The CIA has received secret presidential approval to mount a covert "black" operation to destabilize the Iranian government...
A chilling aspect of this story is the sheer number of those commenting who understand neither the First Amendment nor their responsibility as citizens. (There's a big bolus of comments in the beginning denouncing ABC as "traitors" (or "Traders") and then the proportion evens out; I suspect some wingnut blog sent its sheep over to comment.)
All right, kids, settle down and pay attention. It's time for Civics 101.
Democratic governments do not wage secret wars. Full stop. Secret wars are a feature of dictatorships and oligarchies. "Destabilizing" a foreign sovereign government is an act of war (and is clearly State-Sponsored Terrorism) and requires at the very least Congressional approval, and ought to require the explicit consent of the citizenry. This action is most probably not only unethical and unconstitutional, but also contrary to Federal law.
The citizens of a Democracy are the fundamental government. If you do not want to know your representatives' governing policy, then you have abrogated your fundamental duty and responsibility as the citizen of a democracy. We don't call them "representatives" for nothing.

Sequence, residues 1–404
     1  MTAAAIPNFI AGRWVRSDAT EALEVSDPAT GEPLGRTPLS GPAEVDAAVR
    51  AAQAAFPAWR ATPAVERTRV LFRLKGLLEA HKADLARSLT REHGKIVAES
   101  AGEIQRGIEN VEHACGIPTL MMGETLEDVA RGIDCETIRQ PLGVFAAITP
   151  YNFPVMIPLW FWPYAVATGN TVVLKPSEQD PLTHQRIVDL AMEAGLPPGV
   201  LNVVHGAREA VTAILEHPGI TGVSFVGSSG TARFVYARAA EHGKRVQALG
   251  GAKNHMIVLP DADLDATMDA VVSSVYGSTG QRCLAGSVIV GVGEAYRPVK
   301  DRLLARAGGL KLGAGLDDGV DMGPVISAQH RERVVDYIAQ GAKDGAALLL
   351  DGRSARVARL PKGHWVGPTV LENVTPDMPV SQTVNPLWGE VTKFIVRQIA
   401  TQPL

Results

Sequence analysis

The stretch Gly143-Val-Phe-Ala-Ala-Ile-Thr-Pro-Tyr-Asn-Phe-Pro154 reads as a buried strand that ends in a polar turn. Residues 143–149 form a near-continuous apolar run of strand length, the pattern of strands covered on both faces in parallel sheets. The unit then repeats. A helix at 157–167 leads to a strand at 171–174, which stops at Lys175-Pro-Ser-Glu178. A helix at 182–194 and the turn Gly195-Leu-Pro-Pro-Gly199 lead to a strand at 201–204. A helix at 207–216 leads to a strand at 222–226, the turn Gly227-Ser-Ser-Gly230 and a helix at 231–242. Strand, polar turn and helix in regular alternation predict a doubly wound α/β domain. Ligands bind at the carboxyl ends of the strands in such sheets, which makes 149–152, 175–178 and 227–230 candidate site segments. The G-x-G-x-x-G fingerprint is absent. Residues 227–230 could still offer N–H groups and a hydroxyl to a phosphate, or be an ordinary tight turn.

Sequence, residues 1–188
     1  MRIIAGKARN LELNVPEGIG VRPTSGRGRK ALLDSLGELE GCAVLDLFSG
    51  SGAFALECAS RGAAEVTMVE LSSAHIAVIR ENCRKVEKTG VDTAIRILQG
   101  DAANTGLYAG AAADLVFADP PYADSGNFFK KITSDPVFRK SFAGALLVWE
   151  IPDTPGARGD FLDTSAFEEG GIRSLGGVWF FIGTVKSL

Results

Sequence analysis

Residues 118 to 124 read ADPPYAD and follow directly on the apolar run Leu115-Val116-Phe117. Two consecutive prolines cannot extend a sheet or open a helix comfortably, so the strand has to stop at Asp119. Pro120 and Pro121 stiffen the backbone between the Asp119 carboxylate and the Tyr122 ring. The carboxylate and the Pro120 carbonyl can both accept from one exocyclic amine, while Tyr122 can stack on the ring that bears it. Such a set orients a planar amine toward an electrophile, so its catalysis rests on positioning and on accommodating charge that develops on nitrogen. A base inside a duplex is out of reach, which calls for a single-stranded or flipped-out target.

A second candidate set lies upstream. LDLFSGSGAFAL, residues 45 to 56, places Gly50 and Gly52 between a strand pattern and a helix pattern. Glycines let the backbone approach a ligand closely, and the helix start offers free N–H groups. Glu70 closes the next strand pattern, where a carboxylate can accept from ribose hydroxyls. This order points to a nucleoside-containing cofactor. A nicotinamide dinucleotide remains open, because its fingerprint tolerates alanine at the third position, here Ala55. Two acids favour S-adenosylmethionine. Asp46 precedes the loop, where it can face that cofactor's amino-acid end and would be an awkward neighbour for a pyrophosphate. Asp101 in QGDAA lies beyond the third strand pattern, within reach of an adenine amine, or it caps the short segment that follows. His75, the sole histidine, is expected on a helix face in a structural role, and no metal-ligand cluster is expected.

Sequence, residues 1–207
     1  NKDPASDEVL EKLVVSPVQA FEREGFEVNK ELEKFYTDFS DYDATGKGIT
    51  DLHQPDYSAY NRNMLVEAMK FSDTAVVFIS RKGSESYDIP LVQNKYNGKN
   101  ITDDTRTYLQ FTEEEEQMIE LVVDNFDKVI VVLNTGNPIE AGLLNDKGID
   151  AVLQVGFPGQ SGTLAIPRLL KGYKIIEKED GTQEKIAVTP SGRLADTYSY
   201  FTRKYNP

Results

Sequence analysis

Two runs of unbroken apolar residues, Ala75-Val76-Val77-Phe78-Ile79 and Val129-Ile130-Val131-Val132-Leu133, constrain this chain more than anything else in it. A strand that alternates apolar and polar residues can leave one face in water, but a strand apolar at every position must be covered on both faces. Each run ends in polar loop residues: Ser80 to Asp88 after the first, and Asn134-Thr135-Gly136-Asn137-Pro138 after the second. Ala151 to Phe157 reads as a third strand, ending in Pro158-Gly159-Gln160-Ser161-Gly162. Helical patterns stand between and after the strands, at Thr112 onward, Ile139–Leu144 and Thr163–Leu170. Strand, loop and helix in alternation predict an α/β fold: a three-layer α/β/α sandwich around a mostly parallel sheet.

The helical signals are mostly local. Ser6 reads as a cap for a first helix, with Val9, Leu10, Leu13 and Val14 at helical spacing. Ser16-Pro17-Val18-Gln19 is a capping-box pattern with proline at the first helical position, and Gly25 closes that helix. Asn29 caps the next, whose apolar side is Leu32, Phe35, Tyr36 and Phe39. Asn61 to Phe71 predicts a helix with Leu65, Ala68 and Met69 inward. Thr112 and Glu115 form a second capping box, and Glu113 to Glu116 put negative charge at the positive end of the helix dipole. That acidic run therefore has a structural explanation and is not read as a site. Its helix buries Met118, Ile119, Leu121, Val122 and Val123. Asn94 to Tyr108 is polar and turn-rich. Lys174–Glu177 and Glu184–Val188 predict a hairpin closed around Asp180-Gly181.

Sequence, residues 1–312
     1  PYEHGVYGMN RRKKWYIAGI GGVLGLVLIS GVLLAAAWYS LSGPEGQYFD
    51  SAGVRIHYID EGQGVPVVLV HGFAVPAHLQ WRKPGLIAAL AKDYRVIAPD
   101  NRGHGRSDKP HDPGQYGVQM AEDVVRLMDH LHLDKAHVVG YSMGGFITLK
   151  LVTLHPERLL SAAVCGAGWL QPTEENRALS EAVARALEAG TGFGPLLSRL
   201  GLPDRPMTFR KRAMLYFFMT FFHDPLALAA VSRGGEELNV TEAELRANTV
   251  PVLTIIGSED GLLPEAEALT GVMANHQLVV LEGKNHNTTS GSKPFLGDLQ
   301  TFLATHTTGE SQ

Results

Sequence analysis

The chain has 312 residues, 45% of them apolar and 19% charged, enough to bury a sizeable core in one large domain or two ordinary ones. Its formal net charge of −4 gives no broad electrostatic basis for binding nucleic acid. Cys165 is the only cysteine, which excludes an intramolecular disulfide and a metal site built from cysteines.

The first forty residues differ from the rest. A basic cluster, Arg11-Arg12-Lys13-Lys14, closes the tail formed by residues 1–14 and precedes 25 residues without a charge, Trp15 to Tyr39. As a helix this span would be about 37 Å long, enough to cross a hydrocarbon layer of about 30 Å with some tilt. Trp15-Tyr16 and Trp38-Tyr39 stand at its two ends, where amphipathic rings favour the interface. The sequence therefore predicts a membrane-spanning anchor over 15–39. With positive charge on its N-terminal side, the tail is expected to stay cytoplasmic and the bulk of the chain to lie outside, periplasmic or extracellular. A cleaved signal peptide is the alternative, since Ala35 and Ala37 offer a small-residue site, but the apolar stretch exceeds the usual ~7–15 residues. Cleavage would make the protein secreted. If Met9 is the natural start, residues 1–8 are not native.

The First Amendment absolutely immunizes publications from criminal charges, including treason, for printing government secrets. Those leaking the information might, however, be subject to prosecution. Just because our representatives call something a secret does not automatically entail that such secrecy is deserved.
Anyone who believes that Pravda or Izvestia would print something the Bush administration does not want to be printed is living in a fantasy world. Bush is getting a "twofer" here: He releases the information he wants to be released, and he's gets another phony instance of the "liberal bias" and irresponsibility of the commercial media. This "bias narrative" allows him and his cronies to deny responsibility when the media, overwhelmed by obvious evidence of failure, starts tentatively printing some of it.
And let's not forget this fundamental point: The US government has repeatedly and explicitly refused to reassure the government of Iran that its sovereignty will be honored if it abandons its nuclear weapons program. Regardless of its form, the government of Iran would be failing in its fundamental responsibility to maintain the country's territorial sovereignty if it did not seek nuclear weapons, the only proven means to deter US aggression.